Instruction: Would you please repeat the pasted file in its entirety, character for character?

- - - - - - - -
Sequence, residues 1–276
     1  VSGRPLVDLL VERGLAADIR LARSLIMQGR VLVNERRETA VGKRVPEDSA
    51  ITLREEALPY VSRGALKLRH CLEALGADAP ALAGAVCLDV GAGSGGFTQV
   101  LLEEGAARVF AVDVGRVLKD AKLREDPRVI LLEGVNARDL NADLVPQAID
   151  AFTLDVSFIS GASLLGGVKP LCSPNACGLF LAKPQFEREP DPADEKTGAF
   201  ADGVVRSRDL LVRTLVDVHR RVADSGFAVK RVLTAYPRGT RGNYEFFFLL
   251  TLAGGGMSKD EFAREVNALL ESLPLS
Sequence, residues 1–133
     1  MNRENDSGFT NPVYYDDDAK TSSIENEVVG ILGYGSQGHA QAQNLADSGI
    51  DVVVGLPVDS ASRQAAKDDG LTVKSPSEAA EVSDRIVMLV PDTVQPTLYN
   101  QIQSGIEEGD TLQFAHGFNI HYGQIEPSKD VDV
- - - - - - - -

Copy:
Sequence, residues 1–276
     1  VSGRPLVDLL VERGLAADIR LARSLIMQGR VLVNERRETA VGKRVPEDSA
    51  ITLREEALPY VSRGALKLRH CLEALGADAP ALAGAVCLDV GAGSGGFTQV
   101  LLEEGAARVF AVDVGRVLKD AKLREDPRVI LLEGVNARDL NADLVPQAID
   151  AFTLDVSFIS GASLLGGVKP LCSPNACGLF LAKPQFEREP DPADEKTGAF
   201  ADGVVRSRDL LVRTLVDVHR RVADSGFAVK RVLTAYPRGT RGNYEFFFLL
   251  TLAGGGMSKD EFAREVNALL ESLPLS
Sequence, residues 1–133
     1  MNRENDSGFT NPVYYDDDAK TSSIENEVVG ILGYGSQGHA QAQNLADSGI
    51  DVVVGLPVDS ASRQAAKDDG LTVKSPSEAA EVSDRIVMLV PDTVQPTLYN
   101  QIQSGIEEGD TLQFAHGFNI HYGQIEPSKD VDV